Jewish Journal


July 8, 2012

Journal of Volunteer. Festival of Jewish Culture in Krakow 2.07.2012



During the day, each volunteer is on a 3-hour call duty. This is when they are to be most available within the Festival Office.There are three golden rules that apply to this responsibility: first of all a clear mind. Secondly, a turned on mobile phone. And, last but not least, 10 precious minutes in which we have to appear in the appointed place and perform the appointed task.

A volunteer is called in the event of emergency situations that occur during the festival. This became very true for me – around 11 a.m. I was called out by Paweł Kowalewski, the supervisor of all volunteers, to perform a task. It was a “bike tour” aimed at collecting programmes for the evening concert of David Krakauer. Taking advantage of an hour-long break, I ate a fast lunch and afterward I attended a workshop of Jewish Art. Its coordinator, Monika Krajewska, explained precisely what the prohibition of depicting people in Judaism looks like through the ages.

Unusual ways of bypassing the fundamental law of the 2nd commandment, which is the substantial base for the ban, are offered in the examples of mosaics in the ancient synagogues of Asia Minor and few preserved wooden synagogues in Europe. The participants could personally carry out some symbolic artistic representations and thus stand at the verge of God’s law.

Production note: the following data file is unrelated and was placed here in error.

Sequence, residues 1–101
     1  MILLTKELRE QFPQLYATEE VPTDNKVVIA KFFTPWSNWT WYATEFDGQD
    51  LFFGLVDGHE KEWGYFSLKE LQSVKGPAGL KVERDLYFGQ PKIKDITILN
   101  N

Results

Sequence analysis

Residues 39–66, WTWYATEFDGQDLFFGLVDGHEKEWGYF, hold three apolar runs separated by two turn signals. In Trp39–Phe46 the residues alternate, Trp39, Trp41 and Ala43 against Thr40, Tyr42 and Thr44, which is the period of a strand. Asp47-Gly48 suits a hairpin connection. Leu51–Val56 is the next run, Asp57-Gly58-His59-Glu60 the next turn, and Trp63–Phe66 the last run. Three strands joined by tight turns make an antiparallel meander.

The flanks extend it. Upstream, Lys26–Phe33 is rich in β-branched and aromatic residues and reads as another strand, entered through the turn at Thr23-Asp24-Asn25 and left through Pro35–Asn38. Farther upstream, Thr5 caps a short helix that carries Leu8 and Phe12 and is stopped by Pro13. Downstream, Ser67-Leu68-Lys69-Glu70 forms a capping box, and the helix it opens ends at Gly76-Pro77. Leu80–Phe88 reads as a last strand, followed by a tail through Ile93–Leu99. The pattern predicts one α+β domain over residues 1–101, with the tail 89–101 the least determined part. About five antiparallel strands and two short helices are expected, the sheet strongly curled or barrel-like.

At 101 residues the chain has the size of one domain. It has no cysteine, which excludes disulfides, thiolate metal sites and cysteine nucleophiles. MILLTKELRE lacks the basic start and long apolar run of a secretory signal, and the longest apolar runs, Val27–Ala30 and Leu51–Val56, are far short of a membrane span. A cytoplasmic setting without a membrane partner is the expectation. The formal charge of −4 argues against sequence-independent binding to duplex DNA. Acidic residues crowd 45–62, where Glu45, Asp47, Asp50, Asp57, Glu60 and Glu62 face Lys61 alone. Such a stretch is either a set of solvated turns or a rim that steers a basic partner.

And speaking of the verge—I think that on Monday I found myself in a “breaking point”. Before the evening concert, I decided to return to my apartment to refresh a bit and once I opened the door I saw sea of water. For a moment I felt like the biblical Noah but without the Arc. It was a flood. Its reason was, however, really trivial and hidden in the thirty-centimetre hose which connects the toilet with the water supply. As it usually happens—strangers were victims in this situation as well. Since water is an element that seeps and travels, in this particular case – two floors down, the help of “flooded” neighbour with a kind heart also happens to be priceless. It was mainly due to him that I managed to regain control over the situation. First, I dried the floor where the belongings of five students were and then, fast like a bolt, I left for the “missing link”,namely the magic hose.

This is how my prospects on 4-hour long rest turned immediately into a tireless struggle with the element which was under control only 30 minutes before the preparations for the Bester Quartet & Tomasz Ziętek concert began. On my way to Kazimierz district I received a call from the Office. The task was to pick up the musicians from the railway station. It turned out, however, that it was not necessary so I was able to stay at my place and relax with the sounds of wonderful music. Everyone found the concert of the clarinet virtuoso and composer David Krakauer to be the main event of the evening. He is a unique person permanently connected with the Festival and celebrating his 20th anniversary of participating. He was accompanied by the magnificent Sinfonietta Cracovia and conducted by Robert Kabara. As I stood by the main entrance for the artists I could watch them all more closely and controlling the lighting area I contributed much to the safety of the most important guests of the evening. And this is not irony. Music soothes manners and also helps with stress—and after my afternoon, I could use a little music.

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